“RETURN OF THE JEDI” did have its problems. One, the movie featured both a second Death Star and Luke’s return to Tatooine. For me, this signalled an attempt by George Lucas to recapture some of the essence from the first movie, “A NEW HOPE”. In other words, I believe Lucas used the Death Star and Tatooine to relive the glory of the first movie for those fans who had been disappointed with “THE EMPIRE STRIKES BACK”. And there is nothing that will quickly turn me off is an artist who is willing to repeat the past for the sake of success.

Tatooine proved to be an even bigger disappointment, especially since I have never been fond of the sequence at Jabba’s palace. I never understood why it took Luke and his friends an entire year to find Han. Boba Fett had made his intentions to turn Han over to Jabba very clearly in “THE EMPIRE STRIKES BACK”. So, why did it take them so long to launch a rescue? Exactly what was Luke’s rescue plan regarding Han in the first place? Not long after she arrived with Chewbacca, Leia made her own attempt to free Han from the carbonite block and failed. Had Luke intended for this to happen? Had he intended to be tossed into a pit with a Rancor? Were all of these minor incidents merely parts of Luke’s plan to finally deal with Jabba on the latter’s sail barge? If so, it was a piss-poor and convoluted plan created by Lucas and Lawrence Kasdan.

“RETURN OF THE JEDI” also featured the development of Luke’s skills with the Force. Since the movie made it clear that he had not seen Yoda since he departed Dagobah in order to rescue Han, Leia and Chewbacca from Bespin; I could not help but wonder how Luke managed to develop his Force skills without the help of a tutor. I eventually learned that Luke honed his Force skills by reading a manual he had found inside Obi-Wan Kenobi’s Tatooine hut. Frankly, I find this scenario ludicrous. Luke’s conversation with Obi-Wan’s ghost on Dagobah featured one major inconsistency. Obi-Wan claimed that Owen Lars was his brother, in whose care he left Luke. Considering Obi-Wan’s unemotional response to Owen’s death in “A NEW HOPE”, I found this hard to believe and could not help but view Obi-Wan’s words as a major blooper. Especially since Obi-Wan had reacted with more emotion over Luke’s reluctance to become a Jedi and kill Darth Vader.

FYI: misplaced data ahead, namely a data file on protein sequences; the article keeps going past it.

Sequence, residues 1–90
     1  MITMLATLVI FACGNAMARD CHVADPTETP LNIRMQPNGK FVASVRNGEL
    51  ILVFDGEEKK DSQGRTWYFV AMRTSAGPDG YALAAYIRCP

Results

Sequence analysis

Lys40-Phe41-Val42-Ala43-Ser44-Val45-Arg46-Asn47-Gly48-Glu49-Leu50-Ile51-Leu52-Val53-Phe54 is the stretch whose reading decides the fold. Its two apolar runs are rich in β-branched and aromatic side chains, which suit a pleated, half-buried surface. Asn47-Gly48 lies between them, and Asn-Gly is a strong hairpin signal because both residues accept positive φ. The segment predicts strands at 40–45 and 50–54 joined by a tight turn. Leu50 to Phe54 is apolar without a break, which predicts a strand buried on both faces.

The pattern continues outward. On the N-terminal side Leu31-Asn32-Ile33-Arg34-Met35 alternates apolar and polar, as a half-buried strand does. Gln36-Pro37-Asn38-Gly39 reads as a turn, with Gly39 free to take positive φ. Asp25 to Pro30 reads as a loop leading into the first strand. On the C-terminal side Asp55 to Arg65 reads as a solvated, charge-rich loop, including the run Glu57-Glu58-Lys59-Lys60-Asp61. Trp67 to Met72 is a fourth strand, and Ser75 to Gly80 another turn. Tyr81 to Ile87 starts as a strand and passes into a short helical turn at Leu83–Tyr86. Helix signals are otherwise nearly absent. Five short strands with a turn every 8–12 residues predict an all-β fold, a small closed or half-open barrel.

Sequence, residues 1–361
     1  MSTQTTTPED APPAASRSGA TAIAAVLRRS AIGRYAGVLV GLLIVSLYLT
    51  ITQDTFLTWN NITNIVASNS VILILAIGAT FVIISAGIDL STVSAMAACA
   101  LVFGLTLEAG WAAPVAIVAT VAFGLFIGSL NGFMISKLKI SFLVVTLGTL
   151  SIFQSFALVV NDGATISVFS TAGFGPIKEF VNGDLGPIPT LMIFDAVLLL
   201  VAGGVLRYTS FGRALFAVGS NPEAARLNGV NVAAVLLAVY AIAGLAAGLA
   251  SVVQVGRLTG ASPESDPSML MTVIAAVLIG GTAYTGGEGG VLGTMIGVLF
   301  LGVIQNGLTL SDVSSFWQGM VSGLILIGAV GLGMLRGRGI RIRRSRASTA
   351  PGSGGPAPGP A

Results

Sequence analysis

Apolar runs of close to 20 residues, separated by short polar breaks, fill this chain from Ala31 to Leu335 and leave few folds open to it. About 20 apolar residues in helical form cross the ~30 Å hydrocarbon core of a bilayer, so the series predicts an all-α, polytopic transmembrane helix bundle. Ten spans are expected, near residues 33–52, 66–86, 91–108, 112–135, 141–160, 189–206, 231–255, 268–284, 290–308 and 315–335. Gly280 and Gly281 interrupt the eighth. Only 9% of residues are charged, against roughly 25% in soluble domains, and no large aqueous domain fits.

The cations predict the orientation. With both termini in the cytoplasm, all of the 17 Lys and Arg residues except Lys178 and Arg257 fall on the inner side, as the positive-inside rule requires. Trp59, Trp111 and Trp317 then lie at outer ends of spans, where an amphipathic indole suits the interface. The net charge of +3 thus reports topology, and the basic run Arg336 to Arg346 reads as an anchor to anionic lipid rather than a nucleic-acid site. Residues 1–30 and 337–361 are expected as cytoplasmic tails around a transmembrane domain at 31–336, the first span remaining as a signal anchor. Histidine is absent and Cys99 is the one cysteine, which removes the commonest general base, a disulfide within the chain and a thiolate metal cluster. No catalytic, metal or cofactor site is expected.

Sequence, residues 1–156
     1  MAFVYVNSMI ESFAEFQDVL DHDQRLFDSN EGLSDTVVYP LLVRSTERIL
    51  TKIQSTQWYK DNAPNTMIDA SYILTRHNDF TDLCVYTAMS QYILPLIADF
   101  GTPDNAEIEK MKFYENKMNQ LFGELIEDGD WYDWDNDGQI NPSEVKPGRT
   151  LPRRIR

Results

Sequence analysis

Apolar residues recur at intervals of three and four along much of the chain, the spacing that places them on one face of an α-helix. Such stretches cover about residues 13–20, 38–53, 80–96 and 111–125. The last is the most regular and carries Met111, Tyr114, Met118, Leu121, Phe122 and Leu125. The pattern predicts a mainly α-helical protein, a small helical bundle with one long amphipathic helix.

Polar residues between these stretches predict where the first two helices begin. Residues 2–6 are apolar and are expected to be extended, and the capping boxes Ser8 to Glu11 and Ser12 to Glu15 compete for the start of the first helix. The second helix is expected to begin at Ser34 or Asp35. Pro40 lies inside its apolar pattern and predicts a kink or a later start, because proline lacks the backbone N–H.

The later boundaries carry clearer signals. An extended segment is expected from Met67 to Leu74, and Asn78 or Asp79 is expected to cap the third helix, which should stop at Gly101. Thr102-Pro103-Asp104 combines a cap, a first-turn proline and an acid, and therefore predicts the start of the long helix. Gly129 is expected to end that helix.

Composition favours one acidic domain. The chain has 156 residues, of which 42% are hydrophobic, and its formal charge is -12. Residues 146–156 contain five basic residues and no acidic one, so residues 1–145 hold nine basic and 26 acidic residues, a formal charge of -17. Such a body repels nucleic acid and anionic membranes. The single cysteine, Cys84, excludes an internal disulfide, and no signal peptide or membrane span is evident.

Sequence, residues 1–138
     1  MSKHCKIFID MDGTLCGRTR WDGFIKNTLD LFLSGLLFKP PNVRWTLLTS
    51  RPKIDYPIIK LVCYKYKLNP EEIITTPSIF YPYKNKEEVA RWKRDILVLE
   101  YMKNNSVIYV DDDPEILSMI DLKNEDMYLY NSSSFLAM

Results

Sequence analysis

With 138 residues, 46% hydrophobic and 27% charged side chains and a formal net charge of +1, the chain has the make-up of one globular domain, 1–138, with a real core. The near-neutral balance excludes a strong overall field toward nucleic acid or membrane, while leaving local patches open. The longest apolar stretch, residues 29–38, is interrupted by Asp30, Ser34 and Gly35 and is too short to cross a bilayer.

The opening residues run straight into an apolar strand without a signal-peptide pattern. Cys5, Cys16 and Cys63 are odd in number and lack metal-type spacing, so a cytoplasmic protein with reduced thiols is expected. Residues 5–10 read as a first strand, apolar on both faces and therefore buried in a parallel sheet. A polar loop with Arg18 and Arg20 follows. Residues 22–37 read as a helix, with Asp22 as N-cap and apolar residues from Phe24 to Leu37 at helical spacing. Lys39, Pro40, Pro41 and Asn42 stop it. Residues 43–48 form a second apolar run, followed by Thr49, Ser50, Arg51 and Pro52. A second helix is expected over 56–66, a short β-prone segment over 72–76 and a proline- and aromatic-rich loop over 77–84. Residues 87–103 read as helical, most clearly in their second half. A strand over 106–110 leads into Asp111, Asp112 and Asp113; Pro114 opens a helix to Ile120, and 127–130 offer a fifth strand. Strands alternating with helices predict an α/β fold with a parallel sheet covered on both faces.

Many fans have complained about the cheesy acting and wooden dialogue found the Prequel Trilogy movies. These same fans have failed to notice similar flaws in the Original Trilogy movies, including “RETURN OF THE JEDI”. Especially“RETURN OF THE JEDI”. Mind you, the movie did feature some first-rate performances. But none of it came from Harrison Ford and Carrie Fisher. I really enjoyed Ford and Fisher’s performances in “THE EMPIRE STRIKES BACK”. But I feel they really dropped the ball in “RETURN OF THE JEDI”. They seemed to be phoning in their performances and the Leia/Han ended up rather wooden and unsatisfying to me. This was especially apparent in the scene in which Leia, after learning the truth about Vader’s identity, seemed too upset to answer Han’s demanding questions about her conversation with the departed Luke. Both Fisher and Ford really came off as wooden in that scene. When I had first saw “RETURN OF THE JEDI”, I despised the Ewoks. My feelings for them have somewhat tempered over the years. But I still find them rather infantile, even for a STAR WARS movie. Although I no longer dislike the Ewoks, I still find that village scene in which C3-P0 revealed the past adventures of Luke and his friends very cheesy and wince-inducing. Unlike the past two films, the camaraderie between the group seemed forced . . . and very artificial. The Ewok village scene also revealed a perplexing mystery – namely the dress worn by Leia in this image: